Native Vs. Nonnative

Alan Haney is emeritus professor of forest ecology and former dean of the College of Natural Resources, University of Wisconsin-Stevens Point. Haney has been recognized repeatedly as a distinguished educator. He is author of several books on ecosystem restoration and management, and a widely published scientist. 

Jacob Blue, RLA, is a senior landscape architect and Design Director at Applied Ecological Services, Inc. He provides design direction and oversight as well as experiential expertise for large- and small-scale design and restoration projects. Because of his understanding of native plants and his design strengths, Blue is keenly interested in the use of native species in both restoration and non-restoration designs as well as the habitat and aesthetic implications of their use.

Sidebar #1

Characteristics of healthy ecosystems and adaptive design principles:

Dynamic and responsive. As conditions change, both the genetic makeup and populations of species respond, leading to domino effects in relationships between species.


Resilient. Following a disturbance or sudden change in environmental conditions, individual species respond with both physiological and population-level adjustments, and with corresponding changes in interactions of populations … ultimately resulting in recovery of steady-state conditions. This process—affecting all aspects of structure, composition, and functions in the ecosystem—is called succession.


Redundant. Many species have overlapping niches and perform similar functions, which contribute to efficiency, resiliency, and stability.


Self-organized. Community associations reflect long-standing evolutionary relationships with each species and each association located in the landscape where it is best adapted to compete, and with remarkably similar associations in similar habitats.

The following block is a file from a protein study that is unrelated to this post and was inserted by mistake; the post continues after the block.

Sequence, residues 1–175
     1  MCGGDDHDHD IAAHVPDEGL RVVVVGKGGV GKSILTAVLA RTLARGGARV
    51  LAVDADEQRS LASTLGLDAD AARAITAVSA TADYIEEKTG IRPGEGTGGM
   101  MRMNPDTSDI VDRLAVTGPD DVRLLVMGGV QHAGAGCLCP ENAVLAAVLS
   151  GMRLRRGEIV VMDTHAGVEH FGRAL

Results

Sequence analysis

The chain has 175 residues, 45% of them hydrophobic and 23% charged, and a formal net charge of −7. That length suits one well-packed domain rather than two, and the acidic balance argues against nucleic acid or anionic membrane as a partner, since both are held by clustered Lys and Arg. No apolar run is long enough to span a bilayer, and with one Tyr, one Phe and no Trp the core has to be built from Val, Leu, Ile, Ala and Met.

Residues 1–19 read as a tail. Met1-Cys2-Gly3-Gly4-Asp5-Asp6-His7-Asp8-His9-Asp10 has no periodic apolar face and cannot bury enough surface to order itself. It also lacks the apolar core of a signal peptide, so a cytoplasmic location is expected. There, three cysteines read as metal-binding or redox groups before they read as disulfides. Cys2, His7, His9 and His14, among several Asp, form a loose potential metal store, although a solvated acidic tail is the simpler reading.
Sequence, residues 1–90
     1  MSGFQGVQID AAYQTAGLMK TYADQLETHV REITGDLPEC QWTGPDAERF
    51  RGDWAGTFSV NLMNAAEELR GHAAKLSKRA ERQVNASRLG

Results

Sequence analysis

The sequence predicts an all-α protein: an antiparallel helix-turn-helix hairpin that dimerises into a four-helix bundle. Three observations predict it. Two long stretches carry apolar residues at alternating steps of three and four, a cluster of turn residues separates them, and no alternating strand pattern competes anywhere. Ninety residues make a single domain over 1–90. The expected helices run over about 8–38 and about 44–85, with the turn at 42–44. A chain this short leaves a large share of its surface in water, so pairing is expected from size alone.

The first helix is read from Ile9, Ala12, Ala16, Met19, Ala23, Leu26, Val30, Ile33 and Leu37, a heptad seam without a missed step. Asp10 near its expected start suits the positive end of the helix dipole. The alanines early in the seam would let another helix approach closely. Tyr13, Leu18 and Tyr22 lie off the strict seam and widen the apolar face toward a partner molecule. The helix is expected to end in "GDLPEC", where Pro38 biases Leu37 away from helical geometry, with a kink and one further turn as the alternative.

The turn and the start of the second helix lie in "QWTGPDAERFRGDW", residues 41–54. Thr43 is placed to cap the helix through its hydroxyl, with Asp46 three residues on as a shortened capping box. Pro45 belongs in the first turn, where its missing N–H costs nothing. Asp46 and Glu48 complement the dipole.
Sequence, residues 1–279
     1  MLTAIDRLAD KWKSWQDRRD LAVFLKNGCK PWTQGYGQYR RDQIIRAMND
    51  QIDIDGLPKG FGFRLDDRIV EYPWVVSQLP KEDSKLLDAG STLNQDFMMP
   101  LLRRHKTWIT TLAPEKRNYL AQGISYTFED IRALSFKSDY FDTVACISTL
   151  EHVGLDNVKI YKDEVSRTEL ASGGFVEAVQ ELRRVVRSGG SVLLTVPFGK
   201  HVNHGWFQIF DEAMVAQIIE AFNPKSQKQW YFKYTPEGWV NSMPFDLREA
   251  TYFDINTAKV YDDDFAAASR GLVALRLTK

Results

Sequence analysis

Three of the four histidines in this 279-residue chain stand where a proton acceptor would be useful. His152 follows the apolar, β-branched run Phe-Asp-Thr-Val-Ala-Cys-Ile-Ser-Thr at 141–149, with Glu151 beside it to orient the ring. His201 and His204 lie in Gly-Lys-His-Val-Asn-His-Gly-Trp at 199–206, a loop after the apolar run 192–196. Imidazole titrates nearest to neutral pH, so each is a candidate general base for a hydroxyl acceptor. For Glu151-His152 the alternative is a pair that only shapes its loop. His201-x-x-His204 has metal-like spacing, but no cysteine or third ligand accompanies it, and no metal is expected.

Self-replicating. When disturbed, communities tend to return to the pre-disturbance structure and composition, and similar associations will develop in similar habitats if no barriers exclude key species.


Conservative. All waste is recycled, and nutrients are largely retained. Any water leaving the system is relatively free of contaminants.


Having a hierarchy of temporal and spatial scales. Small scales of organization and functions contribute to larger scales of organization and functions.


Tending toward lowest possible energy levels. Ecosystems operate according to laws of thermodynamics, absorbing just enough energy to offset entropy when mature and undisturbed.

Continuous and open. Ecosystems exist along spatial and temporal continua, such that sharp edges are rare, although some gradients may be steep.


Functional. Some functions cease or decline at small scales, such as minimal “home range” required by some species, or minimal time required for meaningful evolution or soil development.


Moving along gradients. Transitions from one association or habitat to another, called ecotones, is where many functions are more common, for example, hybridization and evolution.  Movement of species along gradients is also one of the important ways ecosystems remain dynamic and responsive.


Vulnerable to catastrophic disruption. Disturbances that exceed the evolutionary experience of species or communities can lead to collapse of resiliency.

Sidebar #2

Design principles:

Recognize and retain, or restore/create community ecotones with supporting environmental gradients.

Use locally sourced native plants from the same physiographic province, or closer if the project interacts with high-quality natural areas or scientific areas.

Manage stormwater retention, infiltration, and interception within the landscape to emulate hydrographs of matched healthy ecosystems.

Do not introduce nonnative or native invasive species.

Allow designs to be dynamic, and foster species and community shifts as conditions change.

Create a design that results in low contaminant concentration (including nutrients) and suspended solids in runoff or infiltrating waters.

Design plans that build and protect soil.

Develop communities that emulate structure, composition, and patterns found in local native-plant communities.

Develop designs for durability and low maintenance that require infrequent management interventions.

Connect designs to and across landscapes following gradients and natural features.

Provide for wildlife and aquatic organisms access and appropriate habitat conditions across the landscape with continuity for safety, daily mobility, pollination, migration, foraging, and breeding.

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